Carrington Research Extension Center



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Nitrogen application to improve yields and forage quality of perennial grasses.


This past season I have been getting several questions about options for increasing perennial forage production on their current land bases. The adoption of fertility management to tame pastures, non-legume hayland, and road ditches has been somewhat limited in this region.  This study was conducted as a preliminary investigation to determine the potential for increasing yield and improving forage quality through nitrogen (N) fertility management. While this study was conduct several years ago, it is very relevant to the questions asked and I expect that the grasses species will respond to N fertilization in a similar way as reported here.

The study was conducted at the Carrington Research Extension Center, Carrington, ND.  The site was a grass area that had not been fertilized for many years. The species composition of the site (around 80% Kentucky blue grass and around 20% smooth bromegrass) was typical of many pastures, non-legume hayland, and road ditches found around this region of the State.  The N rates (0, 25, 50, 75, and 100 lbs/acre) were broadcast applied (as urea) on November 9, 2006 for the fall treatments and on April 17, 2007 for the spring treatment.

As fertilization rate increased, so did plant height and harvest moisture (Table 1).  The 15% moisture (15%M) yield is equivalent to the yield/acre as a hay crop.  There was no statistically significant difference for yield between the 50 lbs N Spring and the 50 lbs N, 75lbs N, and 100lbs N Fall rates. The crude protein (CP) was significantly higher for the 50lbs N Spring rate and the 75lbs N and 100lbs N Fall rates.  The treatment with 50 lbs N/ac on spring showed no significant statistical difference for yield, CP and relative feed value (RFV) when compared to treatments with higher N rates.  Therefore, the results lead to the conclusion that the application of 50lbs N/ac in the spring was the most economical treatment to increase both forage yield and forage quality. Based on experience over the years from numerous other trials, I would expect the same trend with the other cool season grass species. In addition, I would expect higher yields on stands with less Kentucky bluegrass and more Brome grasses and/or Wheat grasses.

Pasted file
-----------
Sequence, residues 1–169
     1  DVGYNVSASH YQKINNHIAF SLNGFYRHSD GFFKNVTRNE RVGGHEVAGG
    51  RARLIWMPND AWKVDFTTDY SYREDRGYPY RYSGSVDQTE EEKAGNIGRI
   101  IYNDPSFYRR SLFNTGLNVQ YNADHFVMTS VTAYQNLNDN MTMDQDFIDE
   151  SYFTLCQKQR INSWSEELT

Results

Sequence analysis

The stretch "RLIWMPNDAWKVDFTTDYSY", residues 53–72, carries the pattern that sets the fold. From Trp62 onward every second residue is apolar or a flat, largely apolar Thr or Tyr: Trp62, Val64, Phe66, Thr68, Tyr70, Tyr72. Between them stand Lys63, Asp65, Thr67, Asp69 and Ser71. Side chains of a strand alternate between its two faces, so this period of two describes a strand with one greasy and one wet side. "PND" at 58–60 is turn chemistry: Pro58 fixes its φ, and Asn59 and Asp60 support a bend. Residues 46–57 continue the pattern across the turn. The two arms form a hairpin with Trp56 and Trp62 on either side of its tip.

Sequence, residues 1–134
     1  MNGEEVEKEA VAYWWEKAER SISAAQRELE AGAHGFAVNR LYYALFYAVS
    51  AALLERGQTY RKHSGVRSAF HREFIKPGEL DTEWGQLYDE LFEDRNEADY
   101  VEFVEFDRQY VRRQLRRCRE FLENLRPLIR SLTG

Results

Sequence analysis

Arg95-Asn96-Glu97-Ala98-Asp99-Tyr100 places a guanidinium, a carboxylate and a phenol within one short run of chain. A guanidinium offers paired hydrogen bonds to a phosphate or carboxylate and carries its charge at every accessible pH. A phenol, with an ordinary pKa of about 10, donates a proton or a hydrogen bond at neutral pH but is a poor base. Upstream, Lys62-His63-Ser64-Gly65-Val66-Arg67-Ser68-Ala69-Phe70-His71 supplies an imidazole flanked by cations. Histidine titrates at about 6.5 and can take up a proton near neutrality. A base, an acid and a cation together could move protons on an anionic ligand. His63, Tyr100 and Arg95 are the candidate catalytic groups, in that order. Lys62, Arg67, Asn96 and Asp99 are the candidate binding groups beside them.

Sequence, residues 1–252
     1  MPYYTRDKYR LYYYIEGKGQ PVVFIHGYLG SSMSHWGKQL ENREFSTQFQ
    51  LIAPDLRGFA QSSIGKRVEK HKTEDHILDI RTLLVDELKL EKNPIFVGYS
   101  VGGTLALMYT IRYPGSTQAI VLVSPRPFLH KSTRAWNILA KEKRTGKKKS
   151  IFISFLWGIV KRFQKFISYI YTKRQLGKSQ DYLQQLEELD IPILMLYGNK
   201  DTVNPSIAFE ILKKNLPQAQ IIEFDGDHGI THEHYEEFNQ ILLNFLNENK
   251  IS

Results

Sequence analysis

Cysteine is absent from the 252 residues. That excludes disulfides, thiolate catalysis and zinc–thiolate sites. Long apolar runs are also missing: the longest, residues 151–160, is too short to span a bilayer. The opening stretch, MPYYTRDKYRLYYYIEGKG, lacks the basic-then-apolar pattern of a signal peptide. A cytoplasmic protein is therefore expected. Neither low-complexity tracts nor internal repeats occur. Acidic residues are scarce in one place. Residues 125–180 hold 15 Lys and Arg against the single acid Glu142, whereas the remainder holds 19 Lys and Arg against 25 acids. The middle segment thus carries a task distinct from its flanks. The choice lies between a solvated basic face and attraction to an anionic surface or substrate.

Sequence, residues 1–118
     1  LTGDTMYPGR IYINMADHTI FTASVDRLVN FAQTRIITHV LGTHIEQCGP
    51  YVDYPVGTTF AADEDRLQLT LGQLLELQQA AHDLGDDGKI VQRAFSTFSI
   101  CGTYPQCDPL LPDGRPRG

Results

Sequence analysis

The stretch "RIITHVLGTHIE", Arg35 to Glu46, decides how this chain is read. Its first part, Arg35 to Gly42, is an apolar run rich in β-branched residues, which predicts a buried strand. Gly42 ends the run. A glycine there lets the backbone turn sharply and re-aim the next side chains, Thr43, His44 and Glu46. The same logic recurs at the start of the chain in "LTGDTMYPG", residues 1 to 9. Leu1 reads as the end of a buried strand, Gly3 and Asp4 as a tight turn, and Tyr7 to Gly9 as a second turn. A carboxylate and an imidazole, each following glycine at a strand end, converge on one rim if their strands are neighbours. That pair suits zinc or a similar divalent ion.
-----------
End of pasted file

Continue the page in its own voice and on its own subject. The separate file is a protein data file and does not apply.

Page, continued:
A demonstration conducted by colleagues at the Center this growing season utilizing the US Highway 281 ditch just south of the main entrance. The stand is primarily smooth Bromegrass, intermediate wheatgrass, and switchgrass.   A fertilizer blend containing N and P was broadcast early May with an N rate of 33lbs/acre. It was harvested July 12.  Again, there is a response to fertilization with increased yields.


Therefore, if the economics permit, there is potential to increase both forage quantity and quality from existing, potentially overlooked, land resources.

Ezra Aberle
Agronomy Research Specialist

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Excited About Manure


I had a colleague tell me last week that he’s never met anyone who gets “so excited about manure”. I will take that as a compliment and maintain that livestock manure in North Dakota is one of the highest-value, under-used fertilizer sources available.

As combines start rolling in the fields, I know that the custom manure haulers in North Dakota are ready to go, too. (Find one here: I’ve written Center Points posts previously about using manure as a fertilizer ( and about calibrating your manure spreader (you are spreading fertilizer, after all…

Today I write to invite you to the 2016 Nutrient Management Day, August 23. I think it deserves its own post because I’m featuring something new to our state: Mr. Andy Scholting from Nutrient Advisors LLC, West Point, NE will discuss manure brokering. Mr. Scholting primarily works with the livestock sector on producing the best fertilizer product possible for our crop-growing friends. He will be discussing both management and quality in the classroom as well as in the feedlot pens with a hands-on demonstration. I want both livestock owners and crop producers to join us for NM Day because it’s important for all of us to understand the value of this readily available resource.


It’s hard to believe this is the first blog post for August.  Maybe you’ve heard the adage, “the older you get, the faster time will seem to move;” I’m really feeling the effects of that saying this summer. It seems like Paulo and I just finalized our plot plans yesterday and it’s already time to show them off!

We will also be featuring Bison Compost LLP, who will be discussing creating quality compost. You can register for NM Day here:

This week I’m heading east to Ohio for the North American Manure Expo ( I will share my findings with you at NM Day.

I look forward to seeing you on August 23rd at the CREC!

Area Extension Specialist
Livestock Environmental Management 


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2016 CREC Field Days